Students dig in to make school lunches healthierPosted: Updated:
YAKIMA, Wash. -- Students from one Yakima classroom are taking matters into their own hands, trying to make school lunches healthier.
Pizza, cheese zombies and sloppy joes, on average the Yakima School District serves 11,000 lunches a day. They meet federal guidelines, but one classroom thinks those guidelines could be healthier.
"We want to see more fresh fruits and veggies and real meat, like quality meat," said Katy Geerhart, 7th grader.
"We've written letters to our local legislatures encouraging funding of more healthy foods. We live in this incredible valley that has so much to offer and I think the kids are feeling a little empowered with a voice," said Christina Carlson, teacher, Discovery Lab School.
The students watched the documentary Food, Inc. and learned how food services works. Carlson said students just need the tools to grow healthy habits.
"When kids are given healthy food, they'll choose to eat it. I can have a box of 150 apples gone in two days and they really seem to enjoy it," said Carlson.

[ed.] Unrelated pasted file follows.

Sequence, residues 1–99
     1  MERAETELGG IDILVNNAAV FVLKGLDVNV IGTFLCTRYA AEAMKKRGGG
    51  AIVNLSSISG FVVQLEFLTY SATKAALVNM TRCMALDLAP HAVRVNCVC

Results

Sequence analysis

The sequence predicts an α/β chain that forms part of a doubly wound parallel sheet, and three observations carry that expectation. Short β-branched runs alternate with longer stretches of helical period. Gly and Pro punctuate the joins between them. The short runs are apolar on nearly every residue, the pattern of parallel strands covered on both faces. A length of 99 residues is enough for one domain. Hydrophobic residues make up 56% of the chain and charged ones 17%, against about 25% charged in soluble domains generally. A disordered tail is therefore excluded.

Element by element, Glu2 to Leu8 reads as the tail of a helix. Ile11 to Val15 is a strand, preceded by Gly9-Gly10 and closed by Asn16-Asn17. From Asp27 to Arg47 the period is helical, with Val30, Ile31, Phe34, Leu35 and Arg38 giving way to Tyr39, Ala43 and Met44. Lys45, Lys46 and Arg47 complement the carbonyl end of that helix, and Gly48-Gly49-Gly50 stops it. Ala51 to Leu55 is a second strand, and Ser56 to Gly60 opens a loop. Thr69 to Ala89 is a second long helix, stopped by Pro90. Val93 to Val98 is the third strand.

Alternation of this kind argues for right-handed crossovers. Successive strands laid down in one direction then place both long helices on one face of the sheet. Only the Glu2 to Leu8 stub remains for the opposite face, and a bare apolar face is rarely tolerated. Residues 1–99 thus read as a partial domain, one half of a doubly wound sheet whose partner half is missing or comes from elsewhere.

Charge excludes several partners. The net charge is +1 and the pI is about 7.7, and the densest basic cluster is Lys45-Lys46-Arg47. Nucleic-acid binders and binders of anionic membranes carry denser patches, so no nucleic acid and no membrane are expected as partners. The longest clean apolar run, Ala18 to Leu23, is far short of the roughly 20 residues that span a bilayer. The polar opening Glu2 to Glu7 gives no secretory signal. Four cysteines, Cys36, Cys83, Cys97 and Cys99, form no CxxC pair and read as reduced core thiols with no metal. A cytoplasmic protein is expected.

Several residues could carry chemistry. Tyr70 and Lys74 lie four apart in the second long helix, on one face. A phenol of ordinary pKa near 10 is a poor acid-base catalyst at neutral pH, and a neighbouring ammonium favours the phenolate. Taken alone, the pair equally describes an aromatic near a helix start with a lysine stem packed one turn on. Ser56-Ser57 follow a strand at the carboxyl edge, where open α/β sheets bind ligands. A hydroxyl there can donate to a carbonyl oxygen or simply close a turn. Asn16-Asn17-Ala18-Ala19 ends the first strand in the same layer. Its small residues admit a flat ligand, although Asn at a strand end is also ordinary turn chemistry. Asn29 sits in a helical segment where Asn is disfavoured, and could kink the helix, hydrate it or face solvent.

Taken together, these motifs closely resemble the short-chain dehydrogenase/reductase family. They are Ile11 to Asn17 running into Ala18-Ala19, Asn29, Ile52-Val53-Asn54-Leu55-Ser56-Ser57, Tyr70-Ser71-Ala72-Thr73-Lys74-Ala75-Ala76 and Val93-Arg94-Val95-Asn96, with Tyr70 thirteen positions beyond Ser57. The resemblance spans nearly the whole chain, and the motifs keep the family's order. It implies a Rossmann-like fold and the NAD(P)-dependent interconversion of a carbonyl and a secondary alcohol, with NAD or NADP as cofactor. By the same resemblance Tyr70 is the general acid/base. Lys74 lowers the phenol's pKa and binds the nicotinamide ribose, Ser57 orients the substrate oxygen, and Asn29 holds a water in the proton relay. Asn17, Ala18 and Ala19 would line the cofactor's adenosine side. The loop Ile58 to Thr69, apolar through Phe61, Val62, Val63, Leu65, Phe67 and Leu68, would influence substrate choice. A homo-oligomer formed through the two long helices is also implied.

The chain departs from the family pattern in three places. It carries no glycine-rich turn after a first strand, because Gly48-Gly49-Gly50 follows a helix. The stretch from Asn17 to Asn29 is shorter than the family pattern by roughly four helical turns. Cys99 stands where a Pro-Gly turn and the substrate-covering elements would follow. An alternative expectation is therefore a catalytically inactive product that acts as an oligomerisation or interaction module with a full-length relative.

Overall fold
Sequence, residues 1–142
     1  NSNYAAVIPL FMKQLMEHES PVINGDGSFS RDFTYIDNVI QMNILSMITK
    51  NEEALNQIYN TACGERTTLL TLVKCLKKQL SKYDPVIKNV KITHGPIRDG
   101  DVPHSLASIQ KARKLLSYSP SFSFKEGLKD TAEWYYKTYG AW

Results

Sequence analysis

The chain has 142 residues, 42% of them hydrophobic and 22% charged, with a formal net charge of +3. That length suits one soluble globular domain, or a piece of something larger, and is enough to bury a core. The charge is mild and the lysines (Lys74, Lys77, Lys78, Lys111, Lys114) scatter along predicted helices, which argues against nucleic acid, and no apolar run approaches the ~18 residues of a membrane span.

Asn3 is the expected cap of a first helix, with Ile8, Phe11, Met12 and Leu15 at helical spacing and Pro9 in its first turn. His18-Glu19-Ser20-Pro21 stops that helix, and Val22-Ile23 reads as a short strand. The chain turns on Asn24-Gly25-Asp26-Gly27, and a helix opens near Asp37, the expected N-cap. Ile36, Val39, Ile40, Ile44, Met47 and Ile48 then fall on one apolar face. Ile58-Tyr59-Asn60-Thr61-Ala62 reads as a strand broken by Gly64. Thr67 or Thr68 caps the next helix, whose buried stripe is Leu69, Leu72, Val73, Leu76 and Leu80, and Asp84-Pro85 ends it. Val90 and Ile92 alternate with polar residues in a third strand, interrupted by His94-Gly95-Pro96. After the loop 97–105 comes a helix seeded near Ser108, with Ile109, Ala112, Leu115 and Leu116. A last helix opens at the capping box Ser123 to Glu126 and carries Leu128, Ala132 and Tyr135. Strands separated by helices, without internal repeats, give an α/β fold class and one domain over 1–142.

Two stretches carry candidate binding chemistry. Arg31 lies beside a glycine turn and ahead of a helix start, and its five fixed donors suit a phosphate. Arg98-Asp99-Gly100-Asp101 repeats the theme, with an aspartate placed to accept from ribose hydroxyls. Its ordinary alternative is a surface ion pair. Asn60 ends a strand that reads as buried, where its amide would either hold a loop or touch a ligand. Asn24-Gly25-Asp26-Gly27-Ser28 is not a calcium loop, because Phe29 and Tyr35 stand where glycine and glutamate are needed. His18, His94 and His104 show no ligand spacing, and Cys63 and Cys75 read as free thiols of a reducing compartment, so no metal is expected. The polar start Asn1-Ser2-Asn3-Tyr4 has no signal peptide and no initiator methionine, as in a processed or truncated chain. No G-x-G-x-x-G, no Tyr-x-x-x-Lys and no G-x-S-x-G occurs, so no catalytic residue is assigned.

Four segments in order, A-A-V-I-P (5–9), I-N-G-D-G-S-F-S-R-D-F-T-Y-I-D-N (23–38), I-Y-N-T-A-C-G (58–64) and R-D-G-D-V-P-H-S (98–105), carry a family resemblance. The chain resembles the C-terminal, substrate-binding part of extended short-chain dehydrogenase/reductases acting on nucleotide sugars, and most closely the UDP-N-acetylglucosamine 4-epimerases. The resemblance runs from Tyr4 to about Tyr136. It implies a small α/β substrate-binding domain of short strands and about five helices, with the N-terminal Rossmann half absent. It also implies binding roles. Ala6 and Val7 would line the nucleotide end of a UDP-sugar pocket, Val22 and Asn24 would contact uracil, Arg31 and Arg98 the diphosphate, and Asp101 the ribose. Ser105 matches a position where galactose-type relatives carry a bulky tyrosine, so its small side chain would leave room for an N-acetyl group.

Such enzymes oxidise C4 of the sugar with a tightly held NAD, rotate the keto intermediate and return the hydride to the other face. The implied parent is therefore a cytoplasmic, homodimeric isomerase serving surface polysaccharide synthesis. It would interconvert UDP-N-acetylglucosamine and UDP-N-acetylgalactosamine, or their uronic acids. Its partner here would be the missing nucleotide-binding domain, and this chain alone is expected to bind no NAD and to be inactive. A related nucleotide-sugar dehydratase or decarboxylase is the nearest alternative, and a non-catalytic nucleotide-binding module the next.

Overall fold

And a $3,000 grant from the Rev-Up program will help the Discovery Lab School and Epic plant a garden.
One hundred tomato plants were donated by the Future Farmers of America, out of Wapato.
Students want to plant tomatoes, carrots, purple potatoes and beans. However, the veggies can't be used for school lunch.
"But, it can be a food experience and so classrooms can go out and pick the produce and use it for a food experience," said Carlson.
Carlson's class plans to have a feast at the end of the year using all homegrown and homemade recipes.